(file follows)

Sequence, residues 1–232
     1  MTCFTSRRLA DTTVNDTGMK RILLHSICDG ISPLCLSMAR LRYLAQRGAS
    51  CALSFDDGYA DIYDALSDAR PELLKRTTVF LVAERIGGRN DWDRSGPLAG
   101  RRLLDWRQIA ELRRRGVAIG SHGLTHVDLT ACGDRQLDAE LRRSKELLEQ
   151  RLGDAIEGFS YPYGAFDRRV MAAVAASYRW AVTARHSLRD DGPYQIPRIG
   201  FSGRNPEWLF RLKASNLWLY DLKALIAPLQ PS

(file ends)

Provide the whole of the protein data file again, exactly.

Sequence, residues 1–232
     1  MTCFTSRRLA DTTVNDTGMK RILLHSICDG ISPLCLSMAR LRYLAQRGAS
    51  CALSFDDGYA DIYDALSDAR PELLKRTTVF LVAERIGGRN DWDRSGPLAG
   101  RRLLDWRQIA ELRRRGVAIG SHGLTHVDLT ACGDRQLDAE LRRSKELLEQ
   151  RLGDAIEGFS YPYGAFDRRV MAAVAASYRW AVTARHSLRD DGPYQIPRIG
   201  FSGRNPEWLF RLKASNLWLY DLKALIAPLQ PS